• We have a class on customer service. Enough said. I’ve worked in customer service for almost two years (10/31/16) and I have two retail jobs. Kiss my a**!
  • We don’t learn. It’s more similar to community college than I expected. In fairness, part of this is due to the program being fast-paced. Each class is a month long. Still, I don’t think a test should be taken every other day. If they feel the need to cram, the program needs to be lengthened. Granted, part of why I came to this school is I didn’t want to be in school for years, so if that does happen, I’ll be glad I missed it. Being delayed by two months was bad enough.
  • Expanding on the above, trying to cram everything into a too small period of time makes it hard to take class seriously. At one point, we took a test on a chapter we studied that very morning, and the test was to be finished at lunch time. That means no time for anyone who wants more than is offered in the vending machines to order lunch. I believe that was the day I stopped regarding the classes with much seriousness, though “customer service class” would’ve done that anyway.
  • We had a career fair that was embarrassingly disappointing. Admittedly, I don’t know how career fairs are arranged, so this may not be the school’s fault, but I expected more than five companies at a fair.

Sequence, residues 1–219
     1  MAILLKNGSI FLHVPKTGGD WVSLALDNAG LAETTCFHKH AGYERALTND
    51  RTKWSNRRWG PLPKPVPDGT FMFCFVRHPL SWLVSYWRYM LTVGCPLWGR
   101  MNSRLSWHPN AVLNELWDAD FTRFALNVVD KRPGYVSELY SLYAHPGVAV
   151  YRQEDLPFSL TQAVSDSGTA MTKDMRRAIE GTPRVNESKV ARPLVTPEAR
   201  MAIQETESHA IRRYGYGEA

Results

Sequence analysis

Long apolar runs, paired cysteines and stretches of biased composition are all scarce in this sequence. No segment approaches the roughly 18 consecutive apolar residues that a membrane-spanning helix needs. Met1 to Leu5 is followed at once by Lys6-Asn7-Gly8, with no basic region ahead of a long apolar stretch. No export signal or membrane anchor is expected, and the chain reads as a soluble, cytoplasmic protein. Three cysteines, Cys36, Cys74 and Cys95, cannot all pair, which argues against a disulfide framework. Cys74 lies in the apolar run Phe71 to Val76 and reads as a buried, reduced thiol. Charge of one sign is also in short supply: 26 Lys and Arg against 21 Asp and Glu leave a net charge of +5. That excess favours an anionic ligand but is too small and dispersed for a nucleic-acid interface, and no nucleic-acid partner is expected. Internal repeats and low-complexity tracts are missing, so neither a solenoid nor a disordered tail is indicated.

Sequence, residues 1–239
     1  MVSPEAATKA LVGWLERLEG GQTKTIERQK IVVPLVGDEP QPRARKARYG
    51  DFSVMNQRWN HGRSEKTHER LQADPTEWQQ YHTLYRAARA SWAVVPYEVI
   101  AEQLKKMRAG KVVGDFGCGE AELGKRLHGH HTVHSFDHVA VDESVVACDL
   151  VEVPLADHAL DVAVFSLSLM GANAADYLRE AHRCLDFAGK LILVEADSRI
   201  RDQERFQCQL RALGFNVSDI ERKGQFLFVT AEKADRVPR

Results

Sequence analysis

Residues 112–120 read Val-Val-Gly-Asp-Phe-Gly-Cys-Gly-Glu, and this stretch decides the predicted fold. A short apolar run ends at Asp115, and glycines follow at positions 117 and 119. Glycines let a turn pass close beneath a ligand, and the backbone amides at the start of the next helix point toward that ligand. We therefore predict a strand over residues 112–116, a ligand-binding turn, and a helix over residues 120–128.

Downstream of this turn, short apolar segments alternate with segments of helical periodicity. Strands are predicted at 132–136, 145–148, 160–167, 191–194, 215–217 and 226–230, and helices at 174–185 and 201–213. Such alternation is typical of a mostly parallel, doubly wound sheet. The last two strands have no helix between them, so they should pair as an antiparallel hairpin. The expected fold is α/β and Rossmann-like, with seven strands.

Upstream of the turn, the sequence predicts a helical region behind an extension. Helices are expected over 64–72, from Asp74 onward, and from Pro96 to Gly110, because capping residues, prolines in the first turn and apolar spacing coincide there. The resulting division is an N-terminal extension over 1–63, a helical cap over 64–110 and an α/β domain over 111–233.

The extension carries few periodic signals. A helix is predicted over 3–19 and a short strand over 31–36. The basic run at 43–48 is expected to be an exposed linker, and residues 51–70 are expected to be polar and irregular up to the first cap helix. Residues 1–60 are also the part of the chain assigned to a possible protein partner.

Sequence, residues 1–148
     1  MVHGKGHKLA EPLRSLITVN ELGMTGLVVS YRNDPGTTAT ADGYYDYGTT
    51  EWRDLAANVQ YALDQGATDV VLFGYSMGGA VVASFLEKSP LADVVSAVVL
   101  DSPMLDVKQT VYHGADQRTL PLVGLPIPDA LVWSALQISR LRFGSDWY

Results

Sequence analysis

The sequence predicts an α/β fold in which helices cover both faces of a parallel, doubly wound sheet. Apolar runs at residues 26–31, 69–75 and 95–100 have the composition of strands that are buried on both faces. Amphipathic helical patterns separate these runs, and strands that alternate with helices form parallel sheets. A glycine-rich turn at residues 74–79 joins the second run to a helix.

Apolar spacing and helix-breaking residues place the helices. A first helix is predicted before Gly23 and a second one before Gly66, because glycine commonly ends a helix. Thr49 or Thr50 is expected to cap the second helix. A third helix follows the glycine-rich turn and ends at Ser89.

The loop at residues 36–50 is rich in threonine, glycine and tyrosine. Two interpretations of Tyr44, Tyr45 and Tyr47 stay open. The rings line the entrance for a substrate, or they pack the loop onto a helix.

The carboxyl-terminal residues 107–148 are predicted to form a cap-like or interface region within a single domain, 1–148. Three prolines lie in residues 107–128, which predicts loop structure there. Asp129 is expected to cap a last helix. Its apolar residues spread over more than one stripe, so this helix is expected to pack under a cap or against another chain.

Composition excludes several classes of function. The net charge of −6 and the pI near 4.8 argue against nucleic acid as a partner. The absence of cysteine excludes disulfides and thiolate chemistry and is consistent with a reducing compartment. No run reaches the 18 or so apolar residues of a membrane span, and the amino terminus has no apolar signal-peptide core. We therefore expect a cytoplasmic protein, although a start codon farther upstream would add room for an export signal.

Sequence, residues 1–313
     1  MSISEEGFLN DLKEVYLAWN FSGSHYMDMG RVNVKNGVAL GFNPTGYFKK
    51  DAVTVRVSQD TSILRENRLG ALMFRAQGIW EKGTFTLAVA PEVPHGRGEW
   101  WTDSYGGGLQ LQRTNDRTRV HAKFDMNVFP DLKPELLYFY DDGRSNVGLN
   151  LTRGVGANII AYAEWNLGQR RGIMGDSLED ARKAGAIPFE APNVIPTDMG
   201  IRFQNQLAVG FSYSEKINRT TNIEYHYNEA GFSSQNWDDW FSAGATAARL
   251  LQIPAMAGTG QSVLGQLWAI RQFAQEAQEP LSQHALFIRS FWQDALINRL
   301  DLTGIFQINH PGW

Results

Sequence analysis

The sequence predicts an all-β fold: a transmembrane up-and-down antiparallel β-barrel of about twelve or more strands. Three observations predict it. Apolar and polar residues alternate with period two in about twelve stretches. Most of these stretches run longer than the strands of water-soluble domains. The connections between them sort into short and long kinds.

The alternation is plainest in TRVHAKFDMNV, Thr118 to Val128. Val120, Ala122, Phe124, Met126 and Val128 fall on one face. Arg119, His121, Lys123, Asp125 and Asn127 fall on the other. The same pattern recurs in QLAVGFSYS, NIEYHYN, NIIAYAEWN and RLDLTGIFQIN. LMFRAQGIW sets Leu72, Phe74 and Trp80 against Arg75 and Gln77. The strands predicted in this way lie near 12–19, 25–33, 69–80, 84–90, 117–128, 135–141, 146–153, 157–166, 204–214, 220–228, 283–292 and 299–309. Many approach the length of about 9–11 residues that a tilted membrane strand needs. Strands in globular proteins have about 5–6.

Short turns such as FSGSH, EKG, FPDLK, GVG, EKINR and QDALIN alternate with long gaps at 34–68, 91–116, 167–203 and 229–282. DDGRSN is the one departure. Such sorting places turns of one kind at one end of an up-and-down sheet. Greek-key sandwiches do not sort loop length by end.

Those are all of my complaints for now, though I may add to this list later on. All of the above said, I still do not regret coming to this school, and I’m too far in to quit now. I can’t say I’ve learned nothing. I just don’t like how teaching is being implemented. To my knowledge, the tech program is much newer than the nursing program they offer, so it could be they’re still figuring out what works best for the program. That doesn’t bug me. Much of life is trial-and-error, is it not? I would know.

On a final note, my school allows students to wear costumes on Halloween during school hours. Yes, you can sit in class with a costume. I am totally not dressing up as Twilight Sparkle and taking advantage of that privilege! No, not me!

This makes everything worth it.